Whole Body Listening
An exercise in life-awareness.
You may have noticed how gazing through a lighted window creates shapes in the eyes that show up when you look aside to a darker wall. If not, try this sometime. It’s particularly effective where glazing bars form a pattern in a window and if you can see blue sky outside. Fix your eyes on a crossing point of the bars and do not shift them for a full minute or two then shift to an area of blank wall, preferably without strong colour and see what you see. Where the dark glazing bars were is now a pattern of light lines, where the patches of bright blue sky was now patches of darker colour, maybe even reddish orange appear before your eyes.
This primary example of an “after-image” can be repeated with the other senses too. Sit in quiet contemplation with your fingers resting on a table for a minute or two then lift your fingers and allow your attention to go into them. Notice how the smooth contact of the wood is replaced with a tingling sensation. Or take off your shoes, put your feet up and ‘listen’ in to your feet for a moment that tingling shows you just here your shoes were, there is a distinct ‘no-shoe-shaped’ after-image in your feet. Ring a bell or pluck a string (Sounding Bowls are particularly good for this, the long sustain on their notes and rich harmonic series creates good after-images) and listen as the sound gently fades, listen carefully, finding the point where you actually can’t hear it any more. You may notice the after-image of the sound rising inside you, gently filling your inner hearing such that the actual moment of fading becomes imprecise. All these effects vary from person to person, each of us has different levels and different patterns of almost physical response to sense impressions. All of the five senses offer us such after-images and if you pay close attention you can discover your own personal response to the world in even deeper ways. It is the Life within us that responds like this. In the Far East this is called Chi, In European tradition it is called Etheric. Noticing what is happening here puts us in touch with this level of awareness.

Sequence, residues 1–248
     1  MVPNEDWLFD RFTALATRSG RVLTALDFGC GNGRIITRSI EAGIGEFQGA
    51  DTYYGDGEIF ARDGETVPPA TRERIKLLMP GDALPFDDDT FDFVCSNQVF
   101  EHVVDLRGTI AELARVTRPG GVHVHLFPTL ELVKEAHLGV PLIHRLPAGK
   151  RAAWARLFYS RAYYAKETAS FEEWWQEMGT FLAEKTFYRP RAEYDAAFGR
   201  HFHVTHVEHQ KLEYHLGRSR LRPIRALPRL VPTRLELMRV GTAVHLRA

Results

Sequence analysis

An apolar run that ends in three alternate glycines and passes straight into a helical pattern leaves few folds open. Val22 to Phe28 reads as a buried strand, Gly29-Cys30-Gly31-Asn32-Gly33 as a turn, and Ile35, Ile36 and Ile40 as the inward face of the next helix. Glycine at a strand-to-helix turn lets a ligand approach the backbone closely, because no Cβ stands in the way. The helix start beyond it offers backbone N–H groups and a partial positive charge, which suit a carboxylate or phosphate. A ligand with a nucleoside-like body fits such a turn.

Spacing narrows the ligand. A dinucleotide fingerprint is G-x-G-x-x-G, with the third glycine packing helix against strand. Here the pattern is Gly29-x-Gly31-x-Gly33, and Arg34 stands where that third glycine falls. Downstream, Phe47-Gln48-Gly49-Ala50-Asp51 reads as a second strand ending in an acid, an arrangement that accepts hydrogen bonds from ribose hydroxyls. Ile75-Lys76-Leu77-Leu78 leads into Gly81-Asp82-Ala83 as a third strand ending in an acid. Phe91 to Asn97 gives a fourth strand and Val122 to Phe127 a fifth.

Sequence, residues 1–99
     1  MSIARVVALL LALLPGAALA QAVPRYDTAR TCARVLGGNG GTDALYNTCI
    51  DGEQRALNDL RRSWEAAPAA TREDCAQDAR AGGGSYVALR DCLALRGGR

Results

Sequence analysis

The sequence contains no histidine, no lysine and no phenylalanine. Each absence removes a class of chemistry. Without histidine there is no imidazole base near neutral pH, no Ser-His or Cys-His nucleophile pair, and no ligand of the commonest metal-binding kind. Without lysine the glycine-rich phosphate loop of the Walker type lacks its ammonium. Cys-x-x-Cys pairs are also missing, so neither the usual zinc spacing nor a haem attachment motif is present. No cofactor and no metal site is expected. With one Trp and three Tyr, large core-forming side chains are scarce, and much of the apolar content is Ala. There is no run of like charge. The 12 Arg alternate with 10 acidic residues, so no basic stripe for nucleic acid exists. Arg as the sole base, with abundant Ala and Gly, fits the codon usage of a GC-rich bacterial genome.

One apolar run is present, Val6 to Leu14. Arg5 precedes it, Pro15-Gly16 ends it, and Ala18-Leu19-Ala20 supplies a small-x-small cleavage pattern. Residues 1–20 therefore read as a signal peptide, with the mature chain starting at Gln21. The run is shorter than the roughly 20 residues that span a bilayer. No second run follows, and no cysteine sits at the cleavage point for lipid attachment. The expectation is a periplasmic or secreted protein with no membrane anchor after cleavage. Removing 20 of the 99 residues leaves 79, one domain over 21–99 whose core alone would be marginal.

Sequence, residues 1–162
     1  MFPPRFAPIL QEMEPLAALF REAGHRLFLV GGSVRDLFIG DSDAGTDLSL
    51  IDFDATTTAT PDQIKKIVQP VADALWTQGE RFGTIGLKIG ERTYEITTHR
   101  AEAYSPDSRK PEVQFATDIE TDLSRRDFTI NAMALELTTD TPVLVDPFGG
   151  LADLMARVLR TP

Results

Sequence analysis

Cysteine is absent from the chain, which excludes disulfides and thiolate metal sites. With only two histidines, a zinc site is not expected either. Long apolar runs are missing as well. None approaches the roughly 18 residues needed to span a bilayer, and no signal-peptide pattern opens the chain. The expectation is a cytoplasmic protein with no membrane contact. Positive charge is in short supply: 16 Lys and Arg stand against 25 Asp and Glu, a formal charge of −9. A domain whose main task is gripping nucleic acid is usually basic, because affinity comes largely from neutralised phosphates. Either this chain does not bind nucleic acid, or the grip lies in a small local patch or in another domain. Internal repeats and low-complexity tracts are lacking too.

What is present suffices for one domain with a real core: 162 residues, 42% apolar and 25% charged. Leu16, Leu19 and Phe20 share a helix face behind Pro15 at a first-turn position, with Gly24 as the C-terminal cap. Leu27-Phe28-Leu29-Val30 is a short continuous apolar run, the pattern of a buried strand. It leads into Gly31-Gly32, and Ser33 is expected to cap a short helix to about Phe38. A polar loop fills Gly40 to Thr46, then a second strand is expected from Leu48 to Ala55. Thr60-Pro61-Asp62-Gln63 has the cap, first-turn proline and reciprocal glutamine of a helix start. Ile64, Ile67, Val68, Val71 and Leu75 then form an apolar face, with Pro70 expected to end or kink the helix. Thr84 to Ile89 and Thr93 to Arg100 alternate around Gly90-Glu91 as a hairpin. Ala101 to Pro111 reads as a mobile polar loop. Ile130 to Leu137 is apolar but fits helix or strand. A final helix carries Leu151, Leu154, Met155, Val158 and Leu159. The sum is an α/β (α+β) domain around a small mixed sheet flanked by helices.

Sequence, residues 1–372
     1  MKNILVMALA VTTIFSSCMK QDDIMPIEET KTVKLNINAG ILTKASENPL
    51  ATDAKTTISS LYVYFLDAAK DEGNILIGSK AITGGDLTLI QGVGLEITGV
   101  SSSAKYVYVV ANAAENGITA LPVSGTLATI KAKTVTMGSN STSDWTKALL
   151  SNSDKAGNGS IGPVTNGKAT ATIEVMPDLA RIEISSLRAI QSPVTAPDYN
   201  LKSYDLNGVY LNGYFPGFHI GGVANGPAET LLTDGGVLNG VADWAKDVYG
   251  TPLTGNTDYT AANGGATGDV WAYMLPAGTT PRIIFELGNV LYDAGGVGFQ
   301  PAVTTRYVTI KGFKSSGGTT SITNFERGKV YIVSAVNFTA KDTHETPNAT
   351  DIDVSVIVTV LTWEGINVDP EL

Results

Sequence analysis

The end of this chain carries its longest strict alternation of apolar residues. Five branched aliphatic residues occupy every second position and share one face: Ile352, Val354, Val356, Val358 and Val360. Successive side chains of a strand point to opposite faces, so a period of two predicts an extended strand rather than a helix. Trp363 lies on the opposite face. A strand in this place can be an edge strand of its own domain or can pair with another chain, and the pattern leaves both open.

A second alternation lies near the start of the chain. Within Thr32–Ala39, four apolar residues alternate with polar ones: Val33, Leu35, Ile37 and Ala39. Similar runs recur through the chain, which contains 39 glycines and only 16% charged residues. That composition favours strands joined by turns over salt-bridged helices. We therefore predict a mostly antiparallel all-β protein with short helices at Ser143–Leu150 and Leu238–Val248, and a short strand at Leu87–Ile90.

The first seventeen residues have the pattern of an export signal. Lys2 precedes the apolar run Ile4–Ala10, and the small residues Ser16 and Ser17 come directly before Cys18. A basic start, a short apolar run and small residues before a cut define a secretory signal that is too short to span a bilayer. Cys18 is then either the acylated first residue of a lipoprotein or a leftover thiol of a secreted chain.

If you are working with Sounding Bowls this kind of slowed down, deep listening also puts you in touch with how your body is responding to the body of the Bowl, the wood it is made of. Different woods leave different after-images as do different notes and different tunings. Discovering more of the deep effect of your Sounding Bowl in this way can also alert you to the healing potential of aspects of working with it through the response you find in your own body
All of these after-image responses lie below our normal judgement response to the world. Judgement happens on another level (the Astral) and follows on to the deep response of the after-image. Some judgement awakens a feeling in us. If this feeling has associated fears we may react in a quick and defensive manner. If the feelings awakened in us are not so fear-based a thinking response is the next level. Thus all sense impressions rise up through our response systems and may then descend into action again if that is felt to be needed. Touching into the lower levels, the earliest responses and bringing them to consciousness gives us a freedom of choice and depth of understanding that is easily missed if we follow our habituated patterns.
After-images rise up following any interaction with the world. Becoming conscious of our five senses and the after images that arise there slowly leads us to discover more. A piece of music, for example leaves us with distinct musical responses in our deep self that live below the feeling response, below what we normally take notice of. A visit to the sea, if we are not shore-dwellers leaves just such an impression in our state-of-being. Meeting or interacting with another person also brings things to life within us. It is the unique and personal nature of these deep responses that makes up much of what is truly individual within us. The gifts that each person brings to the world, even beyond their individual talents lie in the fact that we all see things from a unique perspective. Bringing our own perspective to things often completes a picture out of which others may be working, enabling good things to happen, light to shine in what may have been a confusing moment.
Teaching ourselves full body listening lies partly in taking notice of our after-image responses, partly in letting go of the racing thoughts that normally fill our attention and partly in quieting fears and other aspects of feeling that draw us away from attention to our own deep nature. Working with another person one can apply this deep listening mutually, slowing down ones reactions, learning a steadiness of attention both inwardly and outwardly. Here is a method of co-meditation on attention to the moment that develops full body listening.